President Donald Trump declared a retreat in his administration’s efforts to add a citizenship question to the upcoming census. In a Rose Garden press conference on Thursday, the president said that the government would use existing federal data to capture the citizenship status of the nation, reiterating a plan launched by the Commerce Department last year.
Just a week ago, Trump had insisted that the government would push forward in its efforts to add the controversial question to the census, despite a decision by the Supreme Court in late June blocking the maneuver. But while he abandoned this campaign on Thursday, he did not concede defeat.
Trump’s die-hard supporters aren’t backing down, either. A new conspiracy theory about the census has even taken root among the president’s supporters, who have convinced themselves that Trump’s predecessor and chief ideological foe is somehow to blame. This new, false theory suggests that President Barack Obama removed a citizenship question from the census—a conspiracy that would paint Trump as the conservator of liberal democracy.
Rush Limbaugh, a talk-radio titan and Trumpland conspiracy prognosticator, broke the conspiracy in the mainstream media during a live segment on Fox & Friends on Thursday. “Why did that question get taken off? That’s where everybody’s focus should have been,” he said. Limbaugh added, “Obama takes the question off, the Republicans do what? [Imitates snoring sound] Say nothing.”
Ainsley Earhardt, the Fox & Friends cohost, immediately cosigned on the theory, saying that a citizenship question had been on the census from 1870 to 2010 and that Obama removed it. Both claims are false.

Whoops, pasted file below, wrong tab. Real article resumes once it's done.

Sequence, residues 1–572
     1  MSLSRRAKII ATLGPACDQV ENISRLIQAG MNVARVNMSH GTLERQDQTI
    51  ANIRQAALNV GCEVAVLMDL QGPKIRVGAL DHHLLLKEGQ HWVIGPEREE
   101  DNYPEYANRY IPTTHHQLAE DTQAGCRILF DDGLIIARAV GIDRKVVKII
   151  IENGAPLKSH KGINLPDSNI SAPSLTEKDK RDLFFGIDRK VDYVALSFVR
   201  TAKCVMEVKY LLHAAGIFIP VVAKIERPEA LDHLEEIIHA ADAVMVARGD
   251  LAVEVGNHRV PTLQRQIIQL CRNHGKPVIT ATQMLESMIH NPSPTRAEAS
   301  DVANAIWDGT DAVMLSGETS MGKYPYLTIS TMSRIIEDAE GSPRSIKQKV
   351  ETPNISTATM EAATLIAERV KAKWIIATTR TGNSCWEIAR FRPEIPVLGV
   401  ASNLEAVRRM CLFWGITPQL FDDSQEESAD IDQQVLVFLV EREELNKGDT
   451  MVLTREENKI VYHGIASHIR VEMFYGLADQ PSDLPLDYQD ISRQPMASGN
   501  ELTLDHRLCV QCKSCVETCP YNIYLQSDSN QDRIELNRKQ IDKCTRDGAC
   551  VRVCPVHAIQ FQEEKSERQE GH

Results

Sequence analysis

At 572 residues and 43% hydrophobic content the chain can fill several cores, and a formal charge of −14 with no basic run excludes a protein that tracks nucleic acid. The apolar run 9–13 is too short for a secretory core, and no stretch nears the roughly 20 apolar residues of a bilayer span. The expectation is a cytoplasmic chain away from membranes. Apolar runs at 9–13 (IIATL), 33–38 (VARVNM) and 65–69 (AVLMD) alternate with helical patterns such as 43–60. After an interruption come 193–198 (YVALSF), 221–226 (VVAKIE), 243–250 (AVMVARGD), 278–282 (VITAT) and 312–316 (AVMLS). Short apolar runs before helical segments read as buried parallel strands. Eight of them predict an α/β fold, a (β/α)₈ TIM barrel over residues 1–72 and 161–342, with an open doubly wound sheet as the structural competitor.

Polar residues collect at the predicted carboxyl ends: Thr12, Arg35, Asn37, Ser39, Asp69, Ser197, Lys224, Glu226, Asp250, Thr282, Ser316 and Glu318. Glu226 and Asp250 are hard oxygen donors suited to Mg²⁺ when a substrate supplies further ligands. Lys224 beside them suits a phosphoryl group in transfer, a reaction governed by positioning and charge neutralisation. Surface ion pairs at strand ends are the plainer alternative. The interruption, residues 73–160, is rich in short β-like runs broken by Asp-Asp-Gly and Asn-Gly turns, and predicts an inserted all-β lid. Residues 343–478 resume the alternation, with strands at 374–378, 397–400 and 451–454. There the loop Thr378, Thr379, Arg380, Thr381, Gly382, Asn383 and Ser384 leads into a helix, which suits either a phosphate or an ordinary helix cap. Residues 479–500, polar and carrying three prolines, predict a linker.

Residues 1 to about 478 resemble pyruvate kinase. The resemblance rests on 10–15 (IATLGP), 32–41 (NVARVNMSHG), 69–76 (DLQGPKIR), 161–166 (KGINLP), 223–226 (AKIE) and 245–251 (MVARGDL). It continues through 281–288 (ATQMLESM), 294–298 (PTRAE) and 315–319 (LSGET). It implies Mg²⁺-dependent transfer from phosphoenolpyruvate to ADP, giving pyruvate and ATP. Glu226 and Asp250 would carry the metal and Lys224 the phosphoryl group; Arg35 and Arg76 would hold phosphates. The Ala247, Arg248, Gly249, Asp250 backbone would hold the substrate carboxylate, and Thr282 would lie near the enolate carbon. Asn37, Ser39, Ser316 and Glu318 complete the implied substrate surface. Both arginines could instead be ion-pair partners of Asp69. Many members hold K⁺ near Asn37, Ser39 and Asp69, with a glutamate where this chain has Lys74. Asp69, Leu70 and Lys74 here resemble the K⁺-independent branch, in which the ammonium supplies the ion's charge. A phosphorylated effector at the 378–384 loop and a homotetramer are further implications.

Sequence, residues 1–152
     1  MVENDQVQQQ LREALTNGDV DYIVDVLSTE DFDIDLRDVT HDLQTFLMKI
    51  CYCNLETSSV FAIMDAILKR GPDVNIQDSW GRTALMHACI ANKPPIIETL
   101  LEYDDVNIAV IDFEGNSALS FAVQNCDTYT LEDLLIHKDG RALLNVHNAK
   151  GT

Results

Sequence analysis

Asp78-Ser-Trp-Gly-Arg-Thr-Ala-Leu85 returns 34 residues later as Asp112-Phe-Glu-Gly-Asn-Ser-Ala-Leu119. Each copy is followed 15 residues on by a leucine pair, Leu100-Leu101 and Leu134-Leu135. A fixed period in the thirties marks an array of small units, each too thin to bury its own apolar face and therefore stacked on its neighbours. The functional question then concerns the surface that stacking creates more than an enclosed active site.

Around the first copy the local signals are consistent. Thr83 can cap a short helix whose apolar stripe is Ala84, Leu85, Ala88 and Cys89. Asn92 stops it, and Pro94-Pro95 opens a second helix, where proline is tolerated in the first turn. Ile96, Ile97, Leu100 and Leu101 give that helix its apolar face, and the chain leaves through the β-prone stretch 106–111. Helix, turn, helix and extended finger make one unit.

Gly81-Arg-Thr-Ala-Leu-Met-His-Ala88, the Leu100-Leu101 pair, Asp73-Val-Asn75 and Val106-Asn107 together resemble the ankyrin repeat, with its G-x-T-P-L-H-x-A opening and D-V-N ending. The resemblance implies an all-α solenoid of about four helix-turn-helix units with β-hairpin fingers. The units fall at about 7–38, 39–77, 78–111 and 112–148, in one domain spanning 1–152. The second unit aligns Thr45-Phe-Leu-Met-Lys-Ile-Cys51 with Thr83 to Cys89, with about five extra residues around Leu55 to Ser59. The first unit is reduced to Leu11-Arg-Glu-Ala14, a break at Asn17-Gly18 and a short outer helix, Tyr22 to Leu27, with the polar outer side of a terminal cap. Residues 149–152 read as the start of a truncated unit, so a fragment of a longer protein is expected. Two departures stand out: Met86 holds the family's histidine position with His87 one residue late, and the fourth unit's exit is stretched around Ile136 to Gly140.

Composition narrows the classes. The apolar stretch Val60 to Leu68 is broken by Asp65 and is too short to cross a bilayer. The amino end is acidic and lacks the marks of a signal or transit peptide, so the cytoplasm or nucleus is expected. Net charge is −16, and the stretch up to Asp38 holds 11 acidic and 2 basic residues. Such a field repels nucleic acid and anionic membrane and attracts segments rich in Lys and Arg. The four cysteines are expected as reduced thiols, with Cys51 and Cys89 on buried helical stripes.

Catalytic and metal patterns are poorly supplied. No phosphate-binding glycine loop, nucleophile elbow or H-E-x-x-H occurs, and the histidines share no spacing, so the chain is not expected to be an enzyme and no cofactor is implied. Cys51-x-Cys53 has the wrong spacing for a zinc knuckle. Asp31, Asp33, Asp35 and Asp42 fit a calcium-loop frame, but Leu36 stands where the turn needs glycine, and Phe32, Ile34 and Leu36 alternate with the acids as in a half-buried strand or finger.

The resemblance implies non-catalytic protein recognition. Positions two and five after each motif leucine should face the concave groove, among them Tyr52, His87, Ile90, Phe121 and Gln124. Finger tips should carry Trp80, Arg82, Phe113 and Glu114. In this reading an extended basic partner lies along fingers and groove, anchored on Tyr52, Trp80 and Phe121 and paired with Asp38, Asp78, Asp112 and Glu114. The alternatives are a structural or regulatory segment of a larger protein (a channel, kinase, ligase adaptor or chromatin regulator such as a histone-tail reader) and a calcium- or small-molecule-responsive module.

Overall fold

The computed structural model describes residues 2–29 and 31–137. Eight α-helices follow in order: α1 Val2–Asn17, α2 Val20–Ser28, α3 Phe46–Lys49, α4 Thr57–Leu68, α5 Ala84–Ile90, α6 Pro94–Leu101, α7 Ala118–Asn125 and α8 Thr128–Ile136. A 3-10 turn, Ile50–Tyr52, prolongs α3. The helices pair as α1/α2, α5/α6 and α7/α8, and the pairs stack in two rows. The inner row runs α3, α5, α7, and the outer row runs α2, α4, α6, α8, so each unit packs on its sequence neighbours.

“It’s like the censorship [sic] question,” reads the transcript of a Limbaugh program posted on Thursday. “The real controversy is who the hell removed it? Well, we have the answer to that. Barack Hussein Obama.”
The claim has no basis in fact. Obama never removed any question from the census, and a citizenship question hasn’t appeared on the short-form census questionnaire in nearly 70 years. The question was a feature of the long-form census, a sample form that went out to 1 in 6 households in 2000; that survey was replaced in 2005 by the American Community Survey, which still includes a citizenship question today. None of these changes involves the primary census enumeration, and none of them involves Obama.
But the facts haven’t stopped fever-swamp denizens from insisting that Obama personally stripped a citizenship question from the census. Charlie Kirk, the founder of Turning Point USA, posted the conspiracy in a July 5 tweet that has been retweeted more than 21,000 times.
In fact, many Republicans considered the American Community Survey to be overly intrusive when it was first introduced. GOP lawmakers introduced legislation to make responding to the sample survey optional instead of compulsory. Former Texas Representative Ted Poe backed such a bill as recently as 2017. In its own confused way, this conspiracy would seem to mark an about-face in conservative opinion on the ACS.
With the 2020 Census now off to the printers without any citizenship question, this last-gasp effort from right-wing echo chambers to build an alt-reality rationale for the question is unlikely to have any bearing on next year’s decennial count. But the hundreds or thousands of social-media posts repeating the false claim about Obama and the census illustrate an urgent crisis in the state of tribal partisanship in America: Not even simple, straightforward, unimpeachable claims about reality can escape relitigation from people who feel no loyalty to facts.
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